That of Male Pheromones

Stoddart (1971) has shown that the young born in the first litter of the year are much more likely to survive until the following pheromone breeding season than young born in later litters.

Considering that secretory output is maximal at the time the first litter becomes independent, it is tempting to suggest that the weanlings are in command of a complex olfactory repertoire from a very early age and are able to seize the available individual range sites so effectively that later aspirants are prevented from settling. Studies are in progress to verify these pheromone suggestions.

From his careful developmental study of the scent glands of the short-tailed shrew (Blarina brevicauda Say) Pearson (1946) states that both lateral organs and the ventral organ are visible at an age of 5 days. In adult males the lateral organs are usually thicker (and more productive? ) than the ventral, while the reverse is usually true for females. The lateral organs of pregnant females are greatly reduced and are sometimes only visible histologically. Learn more at

They are slightly better developed during lactation and when the shrew is in estrus. During winter, and in an estrus, the organs are well developed with little size difference between males and females Pearson concludes that the organs are used in some social context, but was unable to investigate marking behavior or when the scent was set according to

The relationship between scent organ productivity and the breeding season has now been demonstrated sufficiently frequently for there to be little doubt as to its validity. In all species of Dipodomys, except elephantinus Grinnel, margaritae Mer- riam and mitchelli Mearns, the mid-dorsal organ is maximally productive during the breeding season and comparatively quiescent during the non-breeding time. In each of the species studied in depth (Quay 1953: merriami Mearns, agilis Gambel, hear- manni Le Conte, deserti Stephens and ordi Woodhouse) a higher proportion of males than females was found to be secreting at all times of the year and the size (area) of the organ in females only rarely surpassed that of male pheromones.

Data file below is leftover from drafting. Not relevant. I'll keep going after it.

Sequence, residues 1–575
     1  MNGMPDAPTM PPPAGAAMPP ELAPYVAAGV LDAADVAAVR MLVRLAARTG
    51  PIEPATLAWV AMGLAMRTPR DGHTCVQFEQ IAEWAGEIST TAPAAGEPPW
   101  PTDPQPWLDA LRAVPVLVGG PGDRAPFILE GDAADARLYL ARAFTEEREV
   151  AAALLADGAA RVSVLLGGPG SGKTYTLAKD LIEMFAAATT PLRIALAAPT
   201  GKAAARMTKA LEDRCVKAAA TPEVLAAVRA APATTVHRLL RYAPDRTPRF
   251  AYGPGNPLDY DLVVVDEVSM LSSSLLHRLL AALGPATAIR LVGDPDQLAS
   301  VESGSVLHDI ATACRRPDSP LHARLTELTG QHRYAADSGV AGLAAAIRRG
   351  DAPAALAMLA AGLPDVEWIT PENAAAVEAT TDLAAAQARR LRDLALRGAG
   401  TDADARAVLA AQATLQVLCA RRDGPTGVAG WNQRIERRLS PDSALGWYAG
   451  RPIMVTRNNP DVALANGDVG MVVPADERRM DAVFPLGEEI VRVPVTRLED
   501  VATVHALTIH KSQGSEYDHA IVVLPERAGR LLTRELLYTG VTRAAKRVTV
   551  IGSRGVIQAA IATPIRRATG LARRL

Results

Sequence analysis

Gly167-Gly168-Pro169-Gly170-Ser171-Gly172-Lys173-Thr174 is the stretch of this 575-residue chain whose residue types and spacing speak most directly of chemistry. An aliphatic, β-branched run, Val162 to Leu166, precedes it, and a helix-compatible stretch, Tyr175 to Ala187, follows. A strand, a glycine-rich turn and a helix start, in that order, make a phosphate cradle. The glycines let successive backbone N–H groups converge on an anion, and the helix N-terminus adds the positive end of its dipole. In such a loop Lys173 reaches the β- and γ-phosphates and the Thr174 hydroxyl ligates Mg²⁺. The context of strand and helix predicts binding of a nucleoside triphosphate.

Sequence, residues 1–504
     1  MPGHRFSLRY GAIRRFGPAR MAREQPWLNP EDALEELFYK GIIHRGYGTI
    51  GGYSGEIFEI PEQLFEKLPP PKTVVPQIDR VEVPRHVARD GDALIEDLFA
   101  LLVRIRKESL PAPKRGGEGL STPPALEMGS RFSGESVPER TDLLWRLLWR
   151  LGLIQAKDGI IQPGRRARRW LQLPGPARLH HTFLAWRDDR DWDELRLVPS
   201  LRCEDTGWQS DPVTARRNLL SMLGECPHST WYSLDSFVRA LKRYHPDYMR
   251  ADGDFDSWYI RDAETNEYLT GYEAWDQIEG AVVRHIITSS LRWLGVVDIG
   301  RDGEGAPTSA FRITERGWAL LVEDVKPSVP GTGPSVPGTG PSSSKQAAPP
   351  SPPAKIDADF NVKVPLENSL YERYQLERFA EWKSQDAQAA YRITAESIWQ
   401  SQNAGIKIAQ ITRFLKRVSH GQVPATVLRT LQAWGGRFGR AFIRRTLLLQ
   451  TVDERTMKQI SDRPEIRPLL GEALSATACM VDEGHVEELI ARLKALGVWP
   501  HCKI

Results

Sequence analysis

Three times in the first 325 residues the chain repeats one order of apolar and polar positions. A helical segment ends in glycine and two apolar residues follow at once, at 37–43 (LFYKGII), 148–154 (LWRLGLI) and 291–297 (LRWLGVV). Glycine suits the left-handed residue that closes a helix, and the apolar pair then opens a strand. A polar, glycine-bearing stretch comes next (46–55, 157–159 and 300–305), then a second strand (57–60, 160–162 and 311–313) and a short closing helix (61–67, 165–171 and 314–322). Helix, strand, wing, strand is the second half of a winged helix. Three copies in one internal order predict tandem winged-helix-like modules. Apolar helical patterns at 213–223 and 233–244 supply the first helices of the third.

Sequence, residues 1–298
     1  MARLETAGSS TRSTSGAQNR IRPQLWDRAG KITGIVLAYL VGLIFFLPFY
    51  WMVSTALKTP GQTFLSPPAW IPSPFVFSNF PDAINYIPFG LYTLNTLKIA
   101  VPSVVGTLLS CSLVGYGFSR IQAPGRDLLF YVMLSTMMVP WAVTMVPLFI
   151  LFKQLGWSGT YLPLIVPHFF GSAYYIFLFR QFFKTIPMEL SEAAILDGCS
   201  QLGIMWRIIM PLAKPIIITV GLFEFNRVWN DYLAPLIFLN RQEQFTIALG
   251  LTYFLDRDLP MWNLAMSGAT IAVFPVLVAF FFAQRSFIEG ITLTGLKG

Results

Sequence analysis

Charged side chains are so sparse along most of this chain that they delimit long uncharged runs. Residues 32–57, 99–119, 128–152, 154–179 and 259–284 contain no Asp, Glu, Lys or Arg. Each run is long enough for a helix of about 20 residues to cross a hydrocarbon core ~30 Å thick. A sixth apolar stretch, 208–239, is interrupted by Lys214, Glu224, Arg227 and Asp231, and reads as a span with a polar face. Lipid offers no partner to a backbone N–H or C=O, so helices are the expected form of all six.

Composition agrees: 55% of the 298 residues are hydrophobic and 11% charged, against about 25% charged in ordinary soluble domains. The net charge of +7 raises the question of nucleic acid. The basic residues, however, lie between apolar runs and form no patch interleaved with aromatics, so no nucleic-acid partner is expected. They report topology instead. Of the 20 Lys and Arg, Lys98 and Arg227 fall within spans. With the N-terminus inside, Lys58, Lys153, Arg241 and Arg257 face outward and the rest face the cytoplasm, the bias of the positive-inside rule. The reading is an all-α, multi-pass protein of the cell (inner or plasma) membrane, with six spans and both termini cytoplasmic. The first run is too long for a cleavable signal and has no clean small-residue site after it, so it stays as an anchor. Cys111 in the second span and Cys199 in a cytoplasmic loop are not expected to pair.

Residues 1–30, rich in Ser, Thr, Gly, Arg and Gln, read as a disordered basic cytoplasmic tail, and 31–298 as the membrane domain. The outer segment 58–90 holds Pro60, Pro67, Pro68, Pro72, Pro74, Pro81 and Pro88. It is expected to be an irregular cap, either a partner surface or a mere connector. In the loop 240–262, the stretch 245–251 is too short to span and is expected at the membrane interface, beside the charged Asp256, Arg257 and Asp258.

Sebaceous gland organs occur in the flanks of several species of cricetid and microtid rodents (Cricetus cricetus L., Mesocricetus auratus Waterhouse, Microtus xzmthognatus Leach, M. chrotorrhinus Miller, Neofiber alleni True, Chilotus and Lagurus). Eibl-Eibesfeldt (1953) reports that both sexes of Cficetus cricetus possess flank organs, the secretions of which are rubbed on the inner walls of the burrows and on the burrow entrances.

The bases of grass tussocks and flat stones are also marked and the secretion may be so plentiful on the latter as to be quite visible. The position of the organs in this species appears to be well suited for its role in passive marking. Lipkow (1954) regards the position of the flank organ in Mesocri— cetus aumtus as an adaptation to the hamster’s partially subterranean way of life. Regrettably, little is known about any specialized behaviors associated with the flank organs in Microtus, Neofiber, Chilotus and Lagurus, but it is thought that these rodents transfer secretion in a passive manner.


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